Chairman PATMAN. The committee will please come to order. We are honored to have with us the chairman of the Joint Economic Committee, the Honorable William Proxmire of Wisconsin. You gentlemen know him, I am sure. He will participate with us today. Today we continue our inquiry into the problems of municipal finance. From the testimony received here yesterday, the bond rating houses are guilty of either outright fraud or shocking negligence in their rating of municipal bonds. It appears from the evidence that these ratings are not based on a genuine sound analysis of finance, but are really based on the opinions of poorly informed and poorly paid personnel who are overburdened with the task assigned them. I do not criticize the people themselves; I criticize the indifference of these bond rating institutions.

Although this strikes me as a serious indictment of their conduct, I have heard no murmur from them, nor is there any indication that they would like to testify. Let me say that our subcommittee intends to pursue this matter further. As a matter of fact, we may bring representatives of the investment banking community-some of the so-called bond houses-in as witnesses to testify as to their observations on this question of bond rating, and its effect on our communities. Our study of last year shows clearly that the communities face. heavy demands now for facilities construction, and that these will grow sharply in the 10 years ahead. At best, it will be a difficult challenge to meet these requirements. In the circumstances, it is clearly against the public interest to have outmoded and harmful practices like the current bond rating practices, standing as barriers to meeting our financial problems.

We are privileged to have with us today three outstanding mayors. Mayor Dodson has not arrived yet, but he will be here momentarily. You might say these men are in the frontline, facing the financing problems that confront most of our communities. They are Mayor


Travis H. Tomlinson, of Raleigh, N.C., Mayor Herbert H. Behrel, of Des Plaines, Ill., and Mayor Elmer H. Dodson, of Charleston, W. Va. Mayor Tomlinson, you may begin and proceed in your own way. Do you have a prepared statement?

Mayor TOMLINSON. Yes, I do, Mr. Chairman.

Chairman PATMAN. We would be very glad to hear you, sir. You may proceed in your own way.


Mayor TOMLINSON. Thank you very much, Mr. Chairman. If it is agreeable, I will simply read this statement, and then we will have a discussion if you like.

Chairman PATMAN. After the witnesses conclude, we will interrogate you gentlemen.

Mayor TOMLINSON. I am Travis H. Tomlinson, mayor of Raleigh, N.C., and chairman of the National League of Cities Revenue and Finance Committee. I am here to represent the National League of Cities which is composed of nearly 14,400 members, municipalities, large and small, in all 50 States.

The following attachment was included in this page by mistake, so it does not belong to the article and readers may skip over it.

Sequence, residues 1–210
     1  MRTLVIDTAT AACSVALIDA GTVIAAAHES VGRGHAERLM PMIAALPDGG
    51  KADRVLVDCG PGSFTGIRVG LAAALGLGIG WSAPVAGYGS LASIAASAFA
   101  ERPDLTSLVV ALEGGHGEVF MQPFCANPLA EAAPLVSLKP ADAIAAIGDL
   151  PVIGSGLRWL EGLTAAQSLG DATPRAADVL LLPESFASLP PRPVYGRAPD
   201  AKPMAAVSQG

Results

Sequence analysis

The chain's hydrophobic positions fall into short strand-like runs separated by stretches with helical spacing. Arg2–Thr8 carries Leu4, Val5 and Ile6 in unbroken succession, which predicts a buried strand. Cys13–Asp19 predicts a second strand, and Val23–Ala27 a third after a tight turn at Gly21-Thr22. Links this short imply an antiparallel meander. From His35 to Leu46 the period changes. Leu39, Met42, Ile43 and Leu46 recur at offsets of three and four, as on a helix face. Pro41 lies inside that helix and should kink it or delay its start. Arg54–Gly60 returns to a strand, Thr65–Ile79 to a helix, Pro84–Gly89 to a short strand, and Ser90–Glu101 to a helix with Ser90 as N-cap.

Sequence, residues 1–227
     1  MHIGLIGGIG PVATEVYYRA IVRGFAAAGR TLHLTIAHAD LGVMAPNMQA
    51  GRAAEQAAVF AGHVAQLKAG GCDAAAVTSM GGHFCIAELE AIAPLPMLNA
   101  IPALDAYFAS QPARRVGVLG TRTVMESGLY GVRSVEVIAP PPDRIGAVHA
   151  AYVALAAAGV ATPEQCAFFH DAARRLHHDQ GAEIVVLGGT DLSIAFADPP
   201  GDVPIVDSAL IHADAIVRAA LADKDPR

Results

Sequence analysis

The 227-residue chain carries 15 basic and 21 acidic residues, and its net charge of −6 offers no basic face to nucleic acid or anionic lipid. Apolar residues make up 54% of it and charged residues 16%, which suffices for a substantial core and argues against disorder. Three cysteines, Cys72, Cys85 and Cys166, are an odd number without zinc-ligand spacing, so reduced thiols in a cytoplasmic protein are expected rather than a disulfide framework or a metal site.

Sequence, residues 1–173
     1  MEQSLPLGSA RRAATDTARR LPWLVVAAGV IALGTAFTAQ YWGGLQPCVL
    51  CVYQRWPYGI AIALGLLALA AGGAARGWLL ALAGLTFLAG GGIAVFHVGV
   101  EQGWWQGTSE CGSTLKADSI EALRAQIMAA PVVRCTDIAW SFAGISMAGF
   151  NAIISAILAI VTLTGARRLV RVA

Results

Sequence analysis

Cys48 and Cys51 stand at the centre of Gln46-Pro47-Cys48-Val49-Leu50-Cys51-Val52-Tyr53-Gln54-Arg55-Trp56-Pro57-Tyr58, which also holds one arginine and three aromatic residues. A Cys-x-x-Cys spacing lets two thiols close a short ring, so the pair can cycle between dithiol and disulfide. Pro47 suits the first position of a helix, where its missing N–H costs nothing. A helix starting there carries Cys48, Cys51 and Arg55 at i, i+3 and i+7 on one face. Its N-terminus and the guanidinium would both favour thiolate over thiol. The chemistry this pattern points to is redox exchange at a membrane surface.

I regret I was not able to appear yesterday as originally requested. Nevertheless, my purpose is to provide a general background for the other testimony you will receive in the course of these 3 days. Surely the subject matter which the committee has chosen to explore is of vital concern to all cities.

Cities rely as never before on bonded indebtedness as their major financial tool for providing needed public facilities. Many of our older and established cities are facing physical deterioration. The effects of urbanization and technological revolution and resulting demands for new and better services place added stress on the need for physical revitalization and modernization. Thus, the capital program of cities is of great importance to their future physical, social, and economic vitality. Without the ability to borrow, which, even so, I might note is often limited by archaic State constitutional or statutory provisions, cities could not stand the strain of paying for capital projects.

As an indication of the increased reliance on bonded indebtedness, cities and States in 1966 issued more than $7 billion of general obligation bonds and over $4 billion of revenue bonds. Totals for this year of both types are expected to substantially surpass the figures for the preceding year. Outstanding debt of municipalities has now reached better than $33 billion.

Of greatest significance in the municipal finance field is the tremendous surge of revenue bond issues since the late 1940's when few of these bonds were on the market. The importance of revenue bonds to cities cannot be overemphasized. Revenue bonds often provide the only practical method of financing facilities when a community is unable to commit its taxing power to debt service or where State legal limitations on general borrowing and taxing powers preclude or limit the use of GO's. Likewise, it makes good financial sense to use a revenue bond when a project can provide a source of revenue sufficient for debt service.

With the importance of municipal borrowing firmly established and with clear indications that cities will turn to borrowing even more